Brexit is a term coined to represent the UK’s exit from the European Union.
European Union is a consortium of 28 European countries sharing a common interest of peace and prosperity of the member nations across all formats of the economy.
The current shape and structure of the EU have been transforming over the year since the time it was first formed in 1947 when France and the United Kingdom signed the Treaty of Dunkirk to strengthen their relationship against the looming German attack after the World War II.
Q: Which European countries are not in the EU?
A: Albania, Belarus, Bosnia & Herzegovina, Kosovo, Macedonia, Moldova, Norway, Russia, Serbia, Switzerland and Ukraine.
Does the UK want to leave the EU?
On the 23rd of June, 2016 when David Cameroon was the Prime Minister, a referendum was carried out in which 71.8% (30 million people) of the people voted.
Although the margin was narrow, the majority of the people(51.9%) voted for Brexit. With this, the UK was supposed to make the exit on the 29th of March 2019. However, the agreement to leave the EU has been rejected three times by the UK parliament.
In the wake of this turn of events, Teresa May, on 24th May 2019 announced that she will quit as Conservative leader. She, however, mentioned that she will serve as the Prime Minister until a new leader takes her place.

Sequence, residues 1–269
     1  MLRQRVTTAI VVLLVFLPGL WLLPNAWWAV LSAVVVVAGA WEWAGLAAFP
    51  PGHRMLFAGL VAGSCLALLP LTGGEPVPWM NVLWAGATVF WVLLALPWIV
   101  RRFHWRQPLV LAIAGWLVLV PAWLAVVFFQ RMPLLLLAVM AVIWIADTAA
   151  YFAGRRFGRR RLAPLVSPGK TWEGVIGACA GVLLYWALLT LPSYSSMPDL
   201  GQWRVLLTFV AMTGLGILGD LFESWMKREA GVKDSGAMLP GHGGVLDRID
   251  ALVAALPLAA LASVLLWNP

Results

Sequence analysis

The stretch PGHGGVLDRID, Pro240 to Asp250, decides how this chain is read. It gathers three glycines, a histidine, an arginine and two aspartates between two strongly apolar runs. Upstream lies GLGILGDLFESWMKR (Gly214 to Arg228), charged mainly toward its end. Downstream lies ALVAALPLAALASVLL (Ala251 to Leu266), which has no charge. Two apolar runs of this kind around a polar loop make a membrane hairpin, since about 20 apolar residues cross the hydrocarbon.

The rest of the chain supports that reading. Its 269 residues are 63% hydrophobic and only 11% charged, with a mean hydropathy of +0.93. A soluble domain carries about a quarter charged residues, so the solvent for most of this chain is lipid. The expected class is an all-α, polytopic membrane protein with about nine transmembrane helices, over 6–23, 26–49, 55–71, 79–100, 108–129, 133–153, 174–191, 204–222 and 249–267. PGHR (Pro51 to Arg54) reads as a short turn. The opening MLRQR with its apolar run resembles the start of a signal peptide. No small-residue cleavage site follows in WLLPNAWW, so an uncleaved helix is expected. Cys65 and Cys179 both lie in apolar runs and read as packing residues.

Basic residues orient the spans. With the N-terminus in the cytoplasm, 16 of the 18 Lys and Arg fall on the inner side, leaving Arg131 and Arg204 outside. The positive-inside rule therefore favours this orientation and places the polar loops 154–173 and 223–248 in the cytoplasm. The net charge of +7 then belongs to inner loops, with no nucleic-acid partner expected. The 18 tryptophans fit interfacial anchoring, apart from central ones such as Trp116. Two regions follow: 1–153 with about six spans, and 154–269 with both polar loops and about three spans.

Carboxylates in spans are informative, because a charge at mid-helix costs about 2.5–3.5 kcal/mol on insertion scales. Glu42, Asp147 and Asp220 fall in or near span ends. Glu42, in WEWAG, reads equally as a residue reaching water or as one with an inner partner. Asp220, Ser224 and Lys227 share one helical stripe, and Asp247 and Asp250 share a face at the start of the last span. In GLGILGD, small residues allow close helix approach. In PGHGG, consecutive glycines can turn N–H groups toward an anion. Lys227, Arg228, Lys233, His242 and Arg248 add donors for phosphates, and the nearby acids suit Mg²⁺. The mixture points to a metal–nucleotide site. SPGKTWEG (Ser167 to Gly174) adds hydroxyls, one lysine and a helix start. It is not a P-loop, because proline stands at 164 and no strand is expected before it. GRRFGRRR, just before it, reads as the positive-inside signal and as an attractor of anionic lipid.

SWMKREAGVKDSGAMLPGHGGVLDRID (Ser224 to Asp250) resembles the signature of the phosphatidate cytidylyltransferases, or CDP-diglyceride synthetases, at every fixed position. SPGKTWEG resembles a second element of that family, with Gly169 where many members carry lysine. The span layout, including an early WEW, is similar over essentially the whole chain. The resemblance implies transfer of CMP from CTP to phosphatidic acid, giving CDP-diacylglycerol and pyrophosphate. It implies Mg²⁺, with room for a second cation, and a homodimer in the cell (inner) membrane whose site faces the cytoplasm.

What is the Bottleneck?
The only possible bottleneck is that the MPs want a deal before the Brexit actually happens. Without the deal, the UK would have to break all ties with the EU with immediate effect.
This means there will not be any transition period to get things and processes in place post Brexit. If that happens, the exit will not be smooth, jeopardizing the future of businesses and individuals. This will not give time to plan for the UK citizens who are living elsewhere.
Is Brexit still on?
The EU leaders have agreed for a six-month extension which expires on the 31st October 2019. So, if both(the UK and the EU) approves the withdrawal agreement before then, the Brexit will be effective from the 1st of November, 2019.
Can Brexit still be cancelled?
According to the decision made by the European Court of Justice on the 10th December 2018, the UK can revoke the Brexit with no permission required by the other 27 EU members. But, this would require a democratic procedure which demands the Parliament’s vote and a change in the UK law.
If not cancelled, it can still be delayed if the UK and all other 27 members agree for the extension.